Coronavirus Advisory: Planning for the worst, OSHA’s good faith guidance, sponsored by Roedel Parsons

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Planning for the Worst: Why your business needs a continuity plan

The coronavirus pandemic has brought many businesses to a screeching halt, highlighting some of the vulnerabilities that modern businesses face. If your business does not already have one, it is important to consider drafting and implementing a business continuity plan to be prepared for the next crisis or emergency.

What is a business continuity plan?

A business continuity plan is an invaluable asset for any business, large or small. Most business continuity plans have three main components:

• Risk assessment

• Risk avoidance

• Crisis planning and management

A business continuity plan should assess the types of risks that may negatively impact your business. While a global pandemic may be a once-in-a-lifetime occurrence, more foreseeable risks include natural disasters, information technology (IT) interruptions, and public relations scandals.

Once you have identified the risks targeting your business, the business continuity plan should assess the potential impact of those risks on your business: Will your physical locations need to close? How will information be communicated to your employees? Do you need to release a statement to the media? These are just a few of the many questions that a business continuity plan should address.

Once the risks have been thoroughly assessed, the continuity plan should go a step further by outlining how your business can avoid those risks. This section of the plan may include specialized training for your employees on how to avoid potential risks.

Next, a business continuity plan should contain detailed crisis planning and management in the event that an emergency or crisis actually occurs. The plan should identify point-of-contact crisis leaders and lay out a detailed plan of how your business will effectively respond to the emergency or crisis. Ultimately, the goal is to resume normal operations during the crisis. If that is not possible, then the goal should be to resume normal operations as soon as it is safe and practical to do so. 

What should a business continuity plan contain?

While each business continuity plan will differ depending on each individual organization, there are a few principal contents that each plan should contain:

Identify critical functions and infrastructure: What can your business absolutely not operate without? Once you identify those critical functions and infrastructure, you will be able to identify potential risks for those specific areas.

Identify a point-of-contact and hierarchy of leaders to respond to a potential crisis: Communication is key during times of crisis. It’s important to have a clear and organized hierarchy of communication and leaders during an emergency.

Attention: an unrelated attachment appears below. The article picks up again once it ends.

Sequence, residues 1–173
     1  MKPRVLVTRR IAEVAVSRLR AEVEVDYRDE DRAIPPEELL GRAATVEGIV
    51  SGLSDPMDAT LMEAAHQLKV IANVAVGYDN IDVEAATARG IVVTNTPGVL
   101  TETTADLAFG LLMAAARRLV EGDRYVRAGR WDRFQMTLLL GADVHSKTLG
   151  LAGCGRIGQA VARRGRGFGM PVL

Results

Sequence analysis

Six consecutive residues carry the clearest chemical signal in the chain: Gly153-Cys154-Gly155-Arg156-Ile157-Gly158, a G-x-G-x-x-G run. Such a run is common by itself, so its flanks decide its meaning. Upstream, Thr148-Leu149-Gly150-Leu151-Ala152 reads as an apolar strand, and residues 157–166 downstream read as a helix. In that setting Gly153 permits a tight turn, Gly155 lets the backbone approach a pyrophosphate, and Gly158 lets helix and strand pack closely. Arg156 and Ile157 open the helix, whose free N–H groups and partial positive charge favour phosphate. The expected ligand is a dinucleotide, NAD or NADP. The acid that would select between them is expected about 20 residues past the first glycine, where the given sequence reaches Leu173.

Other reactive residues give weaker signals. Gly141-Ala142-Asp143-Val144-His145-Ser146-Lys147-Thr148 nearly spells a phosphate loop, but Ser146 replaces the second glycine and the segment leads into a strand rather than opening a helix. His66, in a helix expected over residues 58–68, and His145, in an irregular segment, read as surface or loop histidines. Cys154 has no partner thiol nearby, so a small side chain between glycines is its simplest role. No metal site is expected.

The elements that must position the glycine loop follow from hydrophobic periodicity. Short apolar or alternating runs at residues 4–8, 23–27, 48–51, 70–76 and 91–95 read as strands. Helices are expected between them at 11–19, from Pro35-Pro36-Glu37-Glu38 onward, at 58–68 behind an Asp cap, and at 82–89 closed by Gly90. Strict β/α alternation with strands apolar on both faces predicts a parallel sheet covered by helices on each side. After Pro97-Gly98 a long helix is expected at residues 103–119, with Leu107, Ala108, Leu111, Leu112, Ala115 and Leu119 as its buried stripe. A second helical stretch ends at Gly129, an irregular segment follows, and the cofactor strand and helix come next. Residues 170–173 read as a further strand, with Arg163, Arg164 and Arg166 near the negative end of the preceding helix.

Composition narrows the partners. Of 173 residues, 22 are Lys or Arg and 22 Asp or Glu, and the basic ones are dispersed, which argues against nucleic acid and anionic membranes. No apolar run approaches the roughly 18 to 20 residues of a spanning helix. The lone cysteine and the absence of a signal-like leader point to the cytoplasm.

Create a plan to respond to a crisis at each stage: What are the first steps to respond? How will operations resume? Answering these questions ahead of time will better prepare your business for an actual emergency.

Plan for a debriefing: It’s important to debrief after a crisis to learn what did and did not go according to plan. Debriefing allows you to better prepare for the next emergency. 

What are the benefits of having a business continuity plan?

In a word: time. During a crisis or emergency, every second matters. With a business continuity plan, your business will be better equipped to timely respond to the emergency, adapt to new obstacles, and resume normal operations. Without a plan, there may be confusion about who is responsible for leading the crisis response effort, what steps to take in response to the crisis, and what should and should not be communicated among your workers and to the public. A business continuity plan forces you to consider these difficult issues in a stable, low-pressure environment before an actual emergency takes place. In this sense, a business continuity plan is an invaluable road map to help you and your business navigate difficult times.

For more information on business continuity plans, click here.

OSHA will consider employers’ good faith
efforts during the Coronavirus Pandemic

This week, the U.S. Department of Labor’s Occupational Safety and Health Administration (“DOL”) issued new guidance to its compliance officers to evaluate an employer’s good faith efforts to comply with safety and health standards during the coronavirus pandemic. Under the Occupational Safety and Health Act (“OSHA”), employers are legally obligated to provide their employers with a workplace free from serious recognized hazards and to comply with OSHA standards, rules, and regulations.